Expert: "We are gay" comment by former QB facing child sex charges is nonsense
Wed, 18 Jul 2012 04:04:19 GMT —
Christopher Anderson is the executive director of MaleSurvivor, a leading organization that provides information and support to male survivors of sexual abuse and their loved ones.
In an interview via Skype with Action 4 News, Anderson makes it clear that there's no circumstance in which an 18-year-old can justify sexually molesting an 11-year- old.
It's something Joel Cuellar appears to do when he tells police, "We are gay," according to a report. "There's absolutely no way that an 18-year-old can say that it's okay for us to have been doing this because he wanted it or were just made this way," Anderson said. "Homosexuality does not in any way justify sexual molestation of a child." He calls the 11-year-old boy's statement to police that he cared a lot of about the 18-year-old suspect, typical of abuse victims who fear they did something wrong.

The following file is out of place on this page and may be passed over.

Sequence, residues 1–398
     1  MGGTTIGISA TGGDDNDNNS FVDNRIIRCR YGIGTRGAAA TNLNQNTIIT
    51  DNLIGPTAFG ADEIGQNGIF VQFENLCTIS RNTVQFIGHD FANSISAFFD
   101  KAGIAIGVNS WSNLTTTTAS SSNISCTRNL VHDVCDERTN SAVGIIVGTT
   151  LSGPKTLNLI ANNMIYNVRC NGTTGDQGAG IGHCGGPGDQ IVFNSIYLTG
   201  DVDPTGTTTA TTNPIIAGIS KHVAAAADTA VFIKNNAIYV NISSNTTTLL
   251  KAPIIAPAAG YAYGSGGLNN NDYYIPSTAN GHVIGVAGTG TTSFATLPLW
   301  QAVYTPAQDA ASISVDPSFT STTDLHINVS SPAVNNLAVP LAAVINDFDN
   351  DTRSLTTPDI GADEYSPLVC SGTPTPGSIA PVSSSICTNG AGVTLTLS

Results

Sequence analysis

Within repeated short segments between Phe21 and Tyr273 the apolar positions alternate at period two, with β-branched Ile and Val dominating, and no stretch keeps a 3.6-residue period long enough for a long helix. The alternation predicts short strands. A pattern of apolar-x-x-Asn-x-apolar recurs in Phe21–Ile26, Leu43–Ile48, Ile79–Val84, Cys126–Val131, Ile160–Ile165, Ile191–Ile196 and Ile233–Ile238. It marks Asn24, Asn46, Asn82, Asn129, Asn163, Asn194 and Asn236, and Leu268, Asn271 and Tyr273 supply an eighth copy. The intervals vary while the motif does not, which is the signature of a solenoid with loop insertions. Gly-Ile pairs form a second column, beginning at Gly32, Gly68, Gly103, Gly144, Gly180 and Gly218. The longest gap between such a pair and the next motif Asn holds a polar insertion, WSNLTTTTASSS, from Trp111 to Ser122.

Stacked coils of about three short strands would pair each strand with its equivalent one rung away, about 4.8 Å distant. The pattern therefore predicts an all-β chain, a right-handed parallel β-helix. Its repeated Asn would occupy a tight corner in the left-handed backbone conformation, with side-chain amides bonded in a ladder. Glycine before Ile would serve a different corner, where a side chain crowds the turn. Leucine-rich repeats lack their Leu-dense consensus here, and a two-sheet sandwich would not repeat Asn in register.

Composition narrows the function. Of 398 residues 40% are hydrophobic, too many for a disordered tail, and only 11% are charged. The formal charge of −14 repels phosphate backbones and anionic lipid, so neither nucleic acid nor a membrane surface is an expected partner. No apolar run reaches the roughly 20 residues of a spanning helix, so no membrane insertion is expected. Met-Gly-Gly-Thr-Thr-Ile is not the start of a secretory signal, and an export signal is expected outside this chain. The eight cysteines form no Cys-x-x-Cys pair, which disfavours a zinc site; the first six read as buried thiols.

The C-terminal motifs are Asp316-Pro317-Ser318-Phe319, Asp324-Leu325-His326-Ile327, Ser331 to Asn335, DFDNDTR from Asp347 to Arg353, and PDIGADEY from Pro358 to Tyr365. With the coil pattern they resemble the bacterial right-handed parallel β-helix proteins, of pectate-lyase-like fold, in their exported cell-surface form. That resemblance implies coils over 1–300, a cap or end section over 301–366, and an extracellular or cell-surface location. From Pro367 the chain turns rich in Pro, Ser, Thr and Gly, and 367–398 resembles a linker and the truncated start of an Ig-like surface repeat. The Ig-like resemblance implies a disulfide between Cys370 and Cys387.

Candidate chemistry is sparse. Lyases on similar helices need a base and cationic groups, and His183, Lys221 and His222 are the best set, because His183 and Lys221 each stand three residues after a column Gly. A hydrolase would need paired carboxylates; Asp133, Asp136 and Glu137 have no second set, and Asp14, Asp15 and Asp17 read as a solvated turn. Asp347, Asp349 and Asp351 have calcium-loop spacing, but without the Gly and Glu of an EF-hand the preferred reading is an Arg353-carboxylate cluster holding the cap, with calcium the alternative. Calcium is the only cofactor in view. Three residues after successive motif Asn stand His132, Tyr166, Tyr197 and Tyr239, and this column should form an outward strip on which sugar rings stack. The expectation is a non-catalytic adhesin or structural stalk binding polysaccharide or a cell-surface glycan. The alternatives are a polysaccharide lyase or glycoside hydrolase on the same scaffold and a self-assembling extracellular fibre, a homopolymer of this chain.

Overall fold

"Having that taken away in a moment where there's sirens and police all around with lots of confusion and chaos, I can certainly understand the emotional trauma that that kid may have had at that moment," Anderson explained. The former Edinburg North quarterback was allegedly caught with his pants down in a parked car with the unnamed boy last Friday. Cuellar did know the boy, according to police who say both later admitted to several instances of sexual abuse over the last 3 months in the form of oral sex. "There's no way an 11-year-old can give their informed consent to participate in that kind of activity with somebody who is so much older than them," Anderson said. Action 4's Ryan Wolf asked Anderson if a victim of sexual abuse, especially at such a young age, can lead a normal and productive life. "When somebody does get support, especially early on, then the healing process can begin," Anderson answered. Statistics show, 1-in-6 boys will be sexually molested before the age of 18. Those who don't receive help and internalize the abuse face long term problems including: higher rates of depression, anxiety, substance abuse, and even suicide, according to Anderson. He believes by talking and openly acknowledging the abuse, anyone can make a difference in the life of an abuse survivor. Click here to learn more about MaleSurvivor.org Click here to join Ryan Wolf TMs Facebook page Click here to follow Ryan Wolf on Twitter